La Pampa, Argentina. So much dirt that it gets stuck in your ears, up your nose, and even in between your teeth. This particular day, being tied up in a lasso and dragged across the ground by a 7ft charging horse, the dirt got to a lot more places than that.
I was out in a dusty field tending to a suffering cow with my sister and el peon, or farm hand. Suddenly el peon wrapped the lasso around my arms. It was in that second that his horse, to which the lasso was tethered, got spooked and charged off. The lasso uncoiled, tightening under my chest and pulling me to the ground. I landed face up—and I was off!
I was dragged around the whole field, even going over the sick cow at one point! When the horse finally stopped having its fun with me, I jumped up, undid the lasso, and waved over to el peon and my sister. My sister was in tears, el peon was on his knees apologising, and I was laughing at the whole situation.
Every time I tell this story, I’m confronted with expressions of disbelief and concern. I always feel like they overreact that. However, I have encountered that reaction so often that I have started thinking: 'I am lucky to be alive. What a terrible thing happened.'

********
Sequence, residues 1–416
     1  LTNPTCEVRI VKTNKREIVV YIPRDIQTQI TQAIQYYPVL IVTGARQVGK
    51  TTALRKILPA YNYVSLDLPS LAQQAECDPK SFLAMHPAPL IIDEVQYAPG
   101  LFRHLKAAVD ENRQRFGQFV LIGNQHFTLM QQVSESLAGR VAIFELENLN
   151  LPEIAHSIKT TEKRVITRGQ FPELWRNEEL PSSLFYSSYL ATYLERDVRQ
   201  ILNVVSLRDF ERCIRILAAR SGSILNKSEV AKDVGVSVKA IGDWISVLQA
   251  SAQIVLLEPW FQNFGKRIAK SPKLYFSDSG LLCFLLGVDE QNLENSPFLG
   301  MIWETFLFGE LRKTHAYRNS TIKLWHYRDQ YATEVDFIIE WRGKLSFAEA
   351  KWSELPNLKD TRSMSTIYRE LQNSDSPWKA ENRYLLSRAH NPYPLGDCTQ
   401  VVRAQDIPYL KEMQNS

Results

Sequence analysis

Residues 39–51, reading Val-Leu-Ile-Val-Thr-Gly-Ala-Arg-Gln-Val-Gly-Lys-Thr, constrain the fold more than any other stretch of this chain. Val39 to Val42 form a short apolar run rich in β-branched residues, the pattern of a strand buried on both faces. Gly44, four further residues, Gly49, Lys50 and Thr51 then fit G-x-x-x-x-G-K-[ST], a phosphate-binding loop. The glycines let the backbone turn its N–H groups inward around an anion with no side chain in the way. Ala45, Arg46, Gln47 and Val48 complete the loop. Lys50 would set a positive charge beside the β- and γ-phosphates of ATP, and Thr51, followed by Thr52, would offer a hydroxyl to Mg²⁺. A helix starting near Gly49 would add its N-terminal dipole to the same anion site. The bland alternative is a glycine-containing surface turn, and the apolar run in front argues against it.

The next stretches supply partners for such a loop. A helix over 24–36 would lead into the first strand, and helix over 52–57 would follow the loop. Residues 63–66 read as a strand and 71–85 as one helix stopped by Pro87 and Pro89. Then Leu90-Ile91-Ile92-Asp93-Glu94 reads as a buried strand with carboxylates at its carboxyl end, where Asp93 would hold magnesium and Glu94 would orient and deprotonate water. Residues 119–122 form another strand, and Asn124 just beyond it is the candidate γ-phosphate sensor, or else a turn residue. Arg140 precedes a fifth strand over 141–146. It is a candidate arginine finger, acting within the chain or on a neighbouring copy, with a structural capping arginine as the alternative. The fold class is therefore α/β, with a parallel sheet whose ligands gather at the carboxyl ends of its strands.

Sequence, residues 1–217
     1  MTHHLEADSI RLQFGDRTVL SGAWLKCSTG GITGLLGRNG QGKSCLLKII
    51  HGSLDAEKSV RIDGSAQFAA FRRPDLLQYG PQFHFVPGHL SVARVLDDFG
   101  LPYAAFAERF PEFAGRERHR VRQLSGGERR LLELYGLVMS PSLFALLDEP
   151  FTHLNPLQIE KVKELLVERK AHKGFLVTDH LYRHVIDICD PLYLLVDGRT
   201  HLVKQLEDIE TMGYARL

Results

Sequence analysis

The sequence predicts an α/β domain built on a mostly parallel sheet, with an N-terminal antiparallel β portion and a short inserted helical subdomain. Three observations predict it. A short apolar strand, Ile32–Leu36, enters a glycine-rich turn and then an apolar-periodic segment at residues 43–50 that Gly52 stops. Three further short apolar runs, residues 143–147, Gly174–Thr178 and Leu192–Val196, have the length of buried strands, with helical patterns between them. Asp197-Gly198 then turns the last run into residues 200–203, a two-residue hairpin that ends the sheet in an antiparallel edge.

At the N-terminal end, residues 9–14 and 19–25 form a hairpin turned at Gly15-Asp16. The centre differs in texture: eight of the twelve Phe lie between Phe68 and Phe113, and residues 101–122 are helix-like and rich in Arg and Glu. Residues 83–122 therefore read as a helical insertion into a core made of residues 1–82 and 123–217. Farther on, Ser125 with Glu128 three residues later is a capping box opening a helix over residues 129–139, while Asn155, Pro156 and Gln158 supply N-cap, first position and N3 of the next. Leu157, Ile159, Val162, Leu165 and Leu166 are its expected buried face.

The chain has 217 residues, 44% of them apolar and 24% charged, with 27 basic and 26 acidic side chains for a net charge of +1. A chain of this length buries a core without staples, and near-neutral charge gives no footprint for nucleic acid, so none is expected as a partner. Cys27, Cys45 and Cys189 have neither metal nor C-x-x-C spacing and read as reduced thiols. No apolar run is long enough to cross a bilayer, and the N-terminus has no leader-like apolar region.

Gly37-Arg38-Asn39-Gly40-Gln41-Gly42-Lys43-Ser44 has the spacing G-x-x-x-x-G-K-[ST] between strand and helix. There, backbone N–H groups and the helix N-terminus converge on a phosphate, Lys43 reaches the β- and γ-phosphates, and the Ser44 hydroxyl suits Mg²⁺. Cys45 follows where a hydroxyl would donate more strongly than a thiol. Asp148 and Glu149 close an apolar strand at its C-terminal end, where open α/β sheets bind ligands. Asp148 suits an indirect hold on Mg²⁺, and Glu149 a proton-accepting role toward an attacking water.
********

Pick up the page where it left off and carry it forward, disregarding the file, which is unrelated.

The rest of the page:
There is a procedure called 'debriefing' which is used when someone has gone through a traumatic experience with intense fear, loss and / or suffering. The goal of such a is to avoid post traumatic stress disorder. This takes place in just one session composed of seven separate steps. The seven steps are the introduction, the facts, thoughts and impressions, emotional reactions, normalisation, planning for the future, and disengagement. However, a study examining randomized controlled trials of Critical Incident Stress Debriefing (CISD) versus no treatment conditions found that CISD had no effect, or may even have had a slightly negative effect for post traumatic stress symptoms. Why? Every time you take out a memory to think or talk about it, you change it and the memory gets altered slightly. If it was non-traumatic to being with, someone debriefing the you could assign meaning to the memory making it traumatic. Kala, el peon, and every other listener of my story assigned meaning to my experience, causing me to fear and stress about my one-on-one with the lasso. Only people that are clearly distressed should receive help. Others, like me, should be left to think of the ‘traumatic’ experience as they see fit; in my case, a great story.